When your son is the England captain and you are the Ireland boss, meetings between the two sides tend to be intriguing and more than a little awkward, unless you’re Andy or Owen Farrell that is.
For the rest of us, looking on as father and child go into battle from opposite sides at Twickenham in nine days, it will be a unique occurrence, yet visiting head coach Andy Farrell has no problem compartmentalising his relationship with his son the England skipper.
“I know, it’s weird, isn’t it?” Farrell said in Cork yesterday as he tapped into the prevailing mood when the subject was raised. Not that he felt that way himself.
“It’s weird for you guys but it’s certainly not weird for us because it’s never been any different. It’s as professional as it gets because that’s all we’ve ever known with Owen being a professional player and me being a professional coach. It’s never been any different.”
There are those close to the pair, however, for whom this latest competitive family get-together is more of a trial, starting with Andy’s wife and Owen’s mother Colleen and their three other children.
“The hardest part is certainly for Colleen. And Owen’s sisters, and the young fella Gabriel, it’s weird for them.
“They’ve got unbelievably mixed emotions.
“How do they try and come to terms with it? They hope that, both sides do well.
“And that’s not going to happen, is it? So it’s a difficult one for them.”
Having played on the same side under Eddie Jones at Saracens when father and son were at different ends of the playing journey in 2008, and both been part of the England set-up as fly-half and coach, Andy’s appointment as Ireland defence coach in 2016 put the pair in different camps.
To the now Ireland boss, facing his son for the first time all seems a very long time ago.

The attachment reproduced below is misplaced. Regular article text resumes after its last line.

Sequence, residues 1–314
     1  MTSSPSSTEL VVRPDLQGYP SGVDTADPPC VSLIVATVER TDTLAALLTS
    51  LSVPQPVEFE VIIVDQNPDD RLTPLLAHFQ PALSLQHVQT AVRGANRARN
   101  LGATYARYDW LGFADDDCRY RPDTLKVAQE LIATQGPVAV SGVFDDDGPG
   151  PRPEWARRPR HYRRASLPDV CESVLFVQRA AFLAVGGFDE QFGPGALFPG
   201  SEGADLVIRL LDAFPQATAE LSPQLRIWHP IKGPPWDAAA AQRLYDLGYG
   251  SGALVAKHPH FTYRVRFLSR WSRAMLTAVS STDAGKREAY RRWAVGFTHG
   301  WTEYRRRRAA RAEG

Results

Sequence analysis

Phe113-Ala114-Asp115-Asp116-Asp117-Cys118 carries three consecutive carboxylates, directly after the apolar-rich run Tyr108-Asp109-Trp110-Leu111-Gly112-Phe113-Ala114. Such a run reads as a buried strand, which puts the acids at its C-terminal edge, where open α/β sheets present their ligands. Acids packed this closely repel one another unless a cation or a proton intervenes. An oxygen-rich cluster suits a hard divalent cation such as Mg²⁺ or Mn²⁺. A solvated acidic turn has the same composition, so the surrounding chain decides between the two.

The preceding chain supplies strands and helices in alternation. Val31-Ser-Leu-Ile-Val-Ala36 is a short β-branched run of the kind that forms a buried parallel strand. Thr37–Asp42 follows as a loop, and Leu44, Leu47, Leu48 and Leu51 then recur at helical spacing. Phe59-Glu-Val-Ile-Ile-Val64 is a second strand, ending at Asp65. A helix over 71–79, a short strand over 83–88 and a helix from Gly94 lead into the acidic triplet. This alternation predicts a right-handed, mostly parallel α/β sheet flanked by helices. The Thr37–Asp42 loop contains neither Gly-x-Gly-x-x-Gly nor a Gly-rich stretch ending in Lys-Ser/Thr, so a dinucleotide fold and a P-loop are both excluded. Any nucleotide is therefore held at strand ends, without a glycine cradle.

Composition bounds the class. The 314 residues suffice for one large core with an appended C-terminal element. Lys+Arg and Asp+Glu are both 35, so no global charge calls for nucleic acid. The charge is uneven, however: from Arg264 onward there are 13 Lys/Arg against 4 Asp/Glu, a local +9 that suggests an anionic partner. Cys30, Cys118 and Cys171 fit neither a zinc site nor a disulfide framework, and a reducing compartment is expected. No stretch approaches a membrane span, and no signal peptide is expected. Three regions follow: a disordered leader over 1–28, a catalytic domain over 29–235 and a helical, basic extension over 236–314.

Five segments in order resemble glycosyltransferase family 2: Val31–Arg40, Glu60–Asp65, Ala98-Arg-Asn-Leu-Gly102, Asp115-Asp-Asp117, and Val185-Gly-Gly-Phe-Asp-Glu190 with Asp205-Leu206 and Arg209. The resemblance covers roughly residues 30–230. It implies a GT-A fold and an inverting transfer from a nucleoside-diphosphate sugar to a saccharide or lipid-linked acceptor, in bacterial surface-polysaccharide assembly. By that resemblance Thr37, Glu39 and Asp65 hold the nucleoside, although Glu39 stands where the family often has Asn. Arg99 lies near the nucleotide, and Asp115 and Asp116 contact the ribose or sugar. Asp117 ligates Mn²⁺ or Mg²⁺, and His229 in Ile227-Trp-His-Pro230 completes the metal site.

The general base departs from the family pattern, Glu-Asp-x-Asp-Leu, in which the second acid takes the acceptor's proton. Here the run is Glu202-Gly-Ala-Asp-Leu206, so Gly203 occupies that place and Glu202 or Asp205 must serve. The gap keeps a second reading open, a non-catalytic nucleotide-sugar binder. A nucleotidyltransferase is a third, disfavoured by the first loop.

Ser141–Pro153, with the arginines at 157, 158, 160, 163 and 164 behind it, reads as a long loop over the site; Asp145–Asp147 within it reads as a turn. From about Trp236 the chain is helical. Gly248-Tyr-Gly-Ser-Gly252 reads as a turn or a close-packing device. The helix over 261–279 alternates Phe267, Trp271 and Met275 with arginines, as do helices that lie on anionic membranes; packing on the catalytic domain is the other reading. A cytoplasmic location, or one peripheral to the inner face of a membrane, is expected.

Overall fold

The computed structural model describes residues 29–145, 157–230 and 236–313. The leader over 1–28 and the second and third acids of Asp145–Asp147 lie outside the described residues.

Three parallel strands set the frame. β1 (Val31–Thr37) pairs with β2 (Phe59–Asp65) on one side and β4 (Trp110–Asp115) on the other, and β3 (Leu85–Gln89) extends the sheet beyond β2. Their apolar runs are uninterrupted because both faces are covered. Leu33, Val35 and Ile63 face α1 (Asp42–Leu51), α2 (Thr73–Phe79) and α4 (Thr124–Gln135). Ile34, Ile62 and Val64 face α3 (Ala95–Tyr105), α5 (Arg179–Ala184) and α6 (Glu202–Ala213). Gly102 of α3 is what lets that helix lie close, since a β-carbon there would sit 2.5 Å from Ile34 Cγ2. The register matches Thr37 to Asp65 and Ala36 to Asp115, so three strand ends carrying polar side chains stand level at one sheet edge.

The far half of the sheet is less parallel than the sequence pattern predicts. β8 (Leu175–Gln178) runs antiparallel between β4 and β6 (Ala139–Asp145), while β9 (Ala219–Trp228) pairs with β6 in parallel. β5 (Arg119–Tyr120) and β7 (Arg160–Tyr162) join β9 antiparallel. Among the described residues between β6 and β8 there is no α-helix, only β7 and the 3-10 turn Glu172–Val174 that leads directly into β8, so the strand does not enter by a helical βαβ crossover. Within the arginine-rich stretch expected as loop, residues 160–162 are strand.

I can’t even remember how it felt. But I am proud of the situation, I am as far as a father and him as a son. I am proud of how it is handled because it is one of the utmost respect, but of professionalism, first and foremost.
Farrell said watching his son as a proud dad was somewhat more difficult than as an opposition coach.
“You want your son to perform. You speak to any parent who is watching their son play for Ireland at the weekend, your fingers are crossed, hoping it goes well.
“When you’re a coach, you don’t feel like that. You don’t hope it goes well, you’re assessing things and you’re seeing how the plan is coming together or not. So you’re busy in your mind as a coach, you’ve got a distraction.
“But when you’re a parent, and I’m sure all parents would tell you the same, you’re just watching your son. You’re not watching the game as much as you would do as a coach.
Those times are often the toughest, such as last October at the World Cup in Japan when he stayed on after Ireland’s quarter-final exit to cheer on Owen’s progression with England to the final.
“Now that was tough, now I was back to being a parent again and that is tougher than being a coach against your son that is playing on the opposition.
“I actually did the whole fan-family thing that day (of the semi-final) on purpose, to get back to how it felt before all this even happened.
“I went on the train with all the fans, enjoyed the atmosphere before the game, understood what it meant for my wife and the kids and that was tough because the nerves were through the roof as far as that’s concerned. But this is totally different.”